Arshad Shaikh looks at the recently released “The State of Inequality in India Report” by the Institute of Competitiveness, New Delhi, and tries to understand the reasons behind the growing income inequality in our country. This obstinate economic challenge must be addressed in a holistic manner; else its solution may become be a pipedream.

Inequality can be debilitating. It limits your journey towards upward mobility by constricting the available resources required to pursue your dreams and fulfil your legitimate aspirations. Inequality, which emanates from the imbalanced distribution of wealth, is one of the most disputed and contentious issues for governments and policymakers.

Does income inequality develop through the natural accumulation of private capital in the hands of a few and is it something that should be reversed through legislation and the intervention of the state? Will this interference in the free market economy to redistribute wealth do more harm than good? Alternatively, should we embrace economic growth that delivers millions out of poverty even if we have to pay the price of grotesque inequality? Any discussion on inequality should be backed by data.

As Thomas Piketty, the author of “Capital in the Twenty First Century” points out: “Intellectual and political debate about the distribution of wealth has long been based on an abundance of prejudice and a paucity of fact. Expert analysis will never put an end to the violent political conflict that inequality inevitably instigates. Social scientific research is and always will be tentative and imperfect. It does not claim to transform economics, sociology, and history into exact sciences. But by patiently searching for facts and patterns and calmly analysing the economic, social, and political mechanisms that might explain them, it can inform democratic debate and focus attention on the right questions. It can help to redefine the terms of debate, unmask certain preconceived or fraudulent notions, and subject all positions to constant critical scrutiny.”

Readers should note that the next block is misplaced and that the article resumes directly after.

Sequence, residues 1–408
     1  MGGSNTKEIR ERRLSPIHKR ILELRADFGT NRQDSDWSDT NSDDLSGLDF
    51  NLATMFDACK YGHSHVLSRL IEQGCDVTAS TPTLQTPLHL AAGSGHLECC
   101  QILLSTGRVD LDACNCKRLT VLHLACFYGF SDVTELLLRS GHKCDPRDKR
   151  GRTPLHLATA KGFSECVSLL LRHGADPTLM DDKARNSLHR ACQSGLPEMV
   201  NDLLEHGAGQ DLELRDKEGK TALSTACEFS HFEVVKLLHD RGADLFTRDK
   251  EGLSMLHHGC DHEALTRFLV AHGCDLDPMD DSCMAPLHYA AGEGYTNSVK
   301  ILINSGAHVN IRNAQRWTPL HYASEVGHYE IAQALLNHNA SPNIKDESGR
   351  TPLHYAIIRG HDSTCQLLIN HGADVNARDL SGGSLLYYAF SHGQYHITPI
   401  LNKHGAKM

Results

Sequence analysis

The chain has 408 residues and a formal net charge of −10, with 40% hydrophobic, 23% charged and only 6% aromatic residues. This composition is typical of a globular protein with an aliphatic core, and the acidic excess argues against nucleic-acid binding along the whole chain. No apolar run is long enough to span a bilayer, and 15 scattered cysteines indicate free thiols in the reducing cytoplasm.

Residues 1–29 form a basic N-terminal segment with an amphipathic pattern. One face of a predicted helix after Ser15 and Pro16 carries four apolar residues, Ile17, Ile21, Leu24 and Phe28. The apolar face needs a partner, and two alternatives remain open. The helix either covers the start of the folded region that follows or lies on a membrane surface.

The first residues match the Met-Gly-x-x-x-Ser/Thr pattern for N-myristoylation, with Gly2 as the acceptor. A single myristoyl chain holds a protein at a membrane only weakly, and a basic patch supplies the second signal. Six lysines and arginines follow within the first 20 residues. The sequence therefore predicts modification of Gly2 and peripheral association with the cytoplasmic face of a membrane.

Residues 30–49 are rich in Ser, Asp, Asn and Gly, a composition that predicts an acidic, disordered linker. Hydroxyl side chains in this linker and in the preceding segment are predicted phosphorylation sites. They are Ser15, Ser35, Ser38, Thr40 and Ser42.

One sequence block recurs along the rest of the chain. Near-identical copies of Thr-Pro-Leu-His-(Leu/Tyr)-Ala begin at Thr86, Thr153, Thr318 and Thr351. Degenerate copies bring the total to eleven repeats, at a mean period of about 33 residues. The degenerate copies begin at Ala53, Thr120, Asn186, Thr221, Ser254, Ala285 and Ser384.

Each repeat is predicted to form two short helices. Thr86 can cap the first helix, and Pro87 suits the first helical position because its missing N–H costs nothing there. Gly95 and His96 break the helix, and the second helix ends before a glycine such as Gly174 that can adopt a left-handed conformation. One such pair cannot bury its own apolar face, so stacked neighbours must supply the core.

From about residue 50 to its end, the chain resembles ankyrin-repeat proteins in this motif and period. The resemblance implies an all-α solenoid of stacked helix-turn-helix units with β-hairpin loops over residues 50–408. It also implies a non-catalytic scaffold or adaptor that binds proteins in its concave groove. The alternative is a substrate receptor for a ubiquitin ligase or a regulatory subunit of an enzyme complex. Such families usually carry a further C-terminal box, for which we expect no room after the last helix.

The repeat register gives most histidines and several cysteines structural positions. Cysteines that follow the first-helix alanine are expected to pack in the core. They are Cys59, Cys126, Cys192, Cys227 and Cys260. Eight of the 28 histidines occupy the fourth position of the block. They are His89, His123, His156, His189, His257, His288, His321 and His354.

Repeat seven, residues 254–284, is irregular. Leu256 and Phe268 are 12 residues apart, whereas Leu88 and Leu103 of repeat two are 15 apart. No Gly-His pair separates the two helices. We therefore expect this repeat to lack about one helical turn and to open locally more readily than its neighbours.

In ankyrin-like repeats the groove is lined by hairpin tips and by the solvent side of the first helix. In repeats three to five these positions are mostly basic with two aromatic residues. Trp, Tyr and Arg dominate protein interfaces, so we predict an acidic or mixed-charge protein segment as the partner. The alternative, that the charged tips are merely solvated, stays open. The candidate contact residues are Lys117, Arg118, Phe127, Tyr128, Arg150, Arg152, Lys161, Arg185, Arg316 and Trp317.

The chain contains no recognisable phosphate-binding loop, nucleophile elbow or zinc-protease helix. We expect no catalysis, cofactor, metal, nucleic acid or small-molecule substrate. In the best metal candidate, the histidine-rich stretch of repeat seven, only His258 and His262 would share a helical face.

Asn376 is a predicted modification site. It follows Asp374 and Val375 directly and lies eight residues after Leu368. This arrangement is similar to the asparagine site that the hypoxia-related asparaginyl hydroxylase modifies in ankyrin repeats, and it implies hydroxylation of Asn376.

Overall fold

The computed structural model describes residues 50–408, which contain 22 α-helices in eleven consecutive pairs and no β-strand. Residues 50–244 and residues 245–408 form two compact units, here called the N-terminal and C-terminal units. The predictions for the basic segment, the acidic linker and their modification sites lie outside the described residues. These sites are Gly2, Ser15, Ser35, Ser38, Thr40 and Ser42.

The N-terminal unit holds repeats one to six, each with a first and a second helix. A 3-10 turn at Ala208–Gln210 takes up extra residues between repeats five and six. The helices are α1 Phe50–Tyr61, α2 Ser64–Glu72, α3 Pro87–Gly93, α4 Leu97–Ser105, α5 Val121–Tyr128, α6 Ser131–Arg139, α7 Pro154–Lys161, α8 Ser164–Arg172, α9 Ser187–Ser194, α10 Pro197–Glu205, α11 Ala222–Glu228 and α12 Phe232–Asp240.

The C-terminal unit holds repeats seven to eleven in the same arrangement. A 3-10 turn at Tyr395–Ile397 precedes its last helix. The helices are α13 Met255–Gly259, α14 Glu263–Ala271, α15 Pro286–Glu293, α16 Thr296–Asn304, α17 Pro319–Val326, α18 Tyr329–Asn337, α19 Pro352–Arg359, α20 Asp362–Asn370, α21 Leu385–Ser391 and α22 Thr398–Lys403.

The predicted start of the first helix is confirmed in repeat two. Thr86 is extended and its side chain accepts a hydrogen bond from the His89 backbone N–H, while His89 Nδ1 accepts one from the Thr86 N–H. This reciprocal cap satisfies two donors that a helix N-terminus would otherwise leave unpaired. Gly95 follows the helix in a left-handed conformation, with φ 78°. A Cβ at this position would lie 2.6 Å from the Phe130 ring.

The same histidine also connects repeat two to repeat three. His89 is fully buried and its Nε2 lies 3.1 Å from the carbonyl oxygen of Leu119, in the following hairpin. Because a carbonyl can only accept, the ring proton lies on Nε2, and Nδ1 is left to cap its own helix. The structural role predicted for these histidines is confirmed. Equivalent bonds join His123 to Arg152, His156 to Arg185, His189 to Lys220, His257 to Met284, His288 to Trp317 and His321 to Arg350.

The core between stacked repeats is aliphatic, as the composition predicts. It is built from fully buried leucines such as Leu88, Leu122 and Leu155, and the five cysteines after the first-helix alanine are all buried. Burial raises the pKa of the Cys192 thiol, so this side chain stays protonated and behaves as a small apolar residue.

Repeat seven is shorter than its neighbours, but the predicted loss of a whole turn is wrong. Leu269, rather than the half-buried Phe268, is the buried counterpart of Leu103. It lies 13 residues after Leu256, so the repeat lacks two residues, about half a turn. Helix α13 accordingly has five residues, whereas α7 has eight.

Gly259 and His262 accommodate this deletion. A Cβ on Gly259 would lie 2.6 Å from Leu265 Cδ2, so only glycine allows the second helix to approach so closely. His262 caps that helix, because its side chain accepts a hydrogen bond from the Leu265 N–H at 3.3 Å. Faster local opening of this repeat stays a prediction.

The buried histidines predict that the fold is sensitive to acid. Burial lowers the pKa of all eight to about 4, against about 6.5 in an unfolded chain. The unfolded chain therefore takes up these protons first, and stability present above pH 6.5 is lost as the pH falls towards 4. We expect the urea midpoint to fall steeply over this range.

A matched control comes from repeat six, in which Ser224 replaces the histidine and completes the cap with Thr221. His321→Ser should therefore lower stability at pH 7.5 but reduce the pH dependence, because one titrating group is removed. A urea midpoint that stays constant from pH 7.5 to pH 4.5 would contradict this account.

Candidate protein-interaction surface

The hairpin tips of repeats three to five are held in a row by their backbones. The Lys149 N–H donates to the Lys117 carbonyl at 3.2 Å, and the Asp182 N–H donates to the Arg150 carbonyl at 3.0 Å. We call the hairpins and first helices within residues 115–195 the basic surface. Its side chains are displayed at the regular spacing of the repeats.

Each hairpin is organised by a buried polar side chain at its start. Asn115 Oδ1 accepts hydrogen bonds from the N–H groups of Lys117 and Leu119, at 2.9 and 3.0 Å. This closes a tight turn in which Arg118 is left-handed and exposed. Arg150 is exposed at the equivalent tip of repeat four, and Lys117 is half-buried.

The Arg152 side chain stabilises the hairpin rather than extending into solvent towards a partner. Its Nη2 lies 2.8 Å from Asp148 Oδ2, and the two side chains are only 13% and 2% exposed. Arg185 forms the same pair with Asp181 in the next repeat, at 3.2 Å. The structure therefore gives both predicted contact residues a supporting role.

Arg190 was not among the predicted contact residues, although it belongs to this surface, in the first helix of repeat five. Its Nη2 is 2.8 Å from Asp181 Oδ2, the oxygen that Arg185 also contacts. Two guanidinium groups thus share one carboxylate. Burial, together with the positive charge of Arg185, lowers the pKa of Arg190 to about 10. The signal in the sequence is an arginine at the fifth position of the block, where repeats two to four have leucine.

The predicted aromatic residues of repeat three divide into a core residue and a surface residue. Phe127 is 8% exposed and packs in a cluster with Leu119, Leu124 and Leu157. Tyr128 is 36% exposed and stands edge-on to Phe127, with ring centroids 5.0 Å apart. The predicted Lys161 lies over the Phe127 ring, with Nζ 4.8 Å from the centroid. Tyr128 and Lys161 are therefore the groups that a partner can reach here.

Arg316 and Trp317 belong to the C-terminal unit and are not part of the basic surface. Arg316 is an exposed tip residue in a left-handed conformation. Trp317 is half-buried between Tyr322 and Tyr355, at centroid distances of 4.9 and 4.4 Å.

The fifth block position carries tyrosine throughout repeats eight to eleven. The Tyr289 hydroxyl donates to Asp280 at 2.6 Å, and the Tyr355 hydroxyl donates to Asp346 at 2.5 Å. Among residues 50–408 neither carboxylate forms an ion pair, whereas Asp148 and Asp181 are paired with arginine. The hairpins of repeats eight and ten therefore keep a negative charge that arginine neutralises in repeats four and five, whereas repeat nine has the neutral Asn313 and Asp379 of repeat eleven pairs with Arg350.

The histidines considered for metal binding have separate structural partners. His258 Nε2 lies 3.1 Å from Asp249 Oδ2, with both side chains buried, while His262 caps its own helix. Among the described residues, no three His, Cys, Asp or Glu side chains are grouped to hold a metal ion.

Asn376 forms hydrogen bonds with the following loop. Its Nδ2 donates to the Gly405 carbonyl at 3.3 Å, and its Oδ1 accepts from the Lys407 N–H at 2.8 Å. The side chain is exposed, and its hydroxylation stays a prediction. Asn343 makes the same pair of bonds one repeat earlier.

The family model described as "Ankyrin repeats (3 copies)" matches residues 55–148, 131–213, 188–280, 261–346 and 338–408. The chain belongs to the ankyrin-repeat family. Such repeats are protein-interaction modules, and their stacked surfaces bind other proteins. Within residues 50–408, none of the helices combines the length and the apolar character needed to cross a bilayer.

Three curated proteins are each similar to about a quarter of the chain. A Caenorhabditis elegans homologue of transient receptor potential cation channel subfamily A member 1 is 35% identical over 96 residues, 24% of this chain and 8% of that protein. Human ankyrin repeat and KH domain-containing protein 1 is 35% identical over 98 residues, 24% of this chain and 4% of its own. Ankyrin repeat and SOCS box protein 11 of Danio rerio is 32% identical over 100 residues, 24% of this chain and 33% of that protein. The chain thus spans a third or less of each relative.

The recently released “The State of Inequality in India Report” by the Institute of Competitiveness, New Delhi needs to be studied by checking the facts and figures it spells out as also its policy recommendations.


The 104-page report was commissioned by the Economic Advisory Council to the Prime Minister (EAC-PM) headed by renowned economist Bibek Debroy and developed by Dr Amit Kapoor and Jessica Duggal of the Institute of Competitiveness.

In his preface to the report, Debroy honestly acknowledges: “There isn’t quite a conclusion. Instead, there is stock-taking of both inclusion and exclusion.”

The report looks at indicators such as income profile, the labour market, health, education and amenities that are available to households. These indicators can be viewed as the determinants of inequality and the associated data can be a useful step to understand the extent of work required for bridging the inequality gap.

Extracting data from the Periodic Labour Force Survey (PLFS 2019-20), the report says that in India, a monthly salary of minimum Rs 25,000 (Rs 3 lakhs annual) is among the top 10% of the total wages earned. The top 1% earns 6% to 7% of the total income and three times as much as the bottom 10%. The top 10% earns 30% to 35% of the total income. Among the regular salaried workers, nearly 36% workers earn a salary of less than Rs 10,000 a month.

Unemployment rates also paint a gloomy picture. Unemployment among the non-literate population is just 0.6% while it is around 20% for those with a degree/diploma. The unemployment rate in males is 5% and that for females is 4.2%. In the health sector, the report classifies the Sub Centres (SCs) as the first point of contact between primary healthcare and the community and the Primary Health Centres (PHCs) as the first contact point between the village and medical officer. The number of Health Sub Centres grew at a rate of just 6.4% from 146026 SCs in 2005 to 155404 SCs in 2019-20.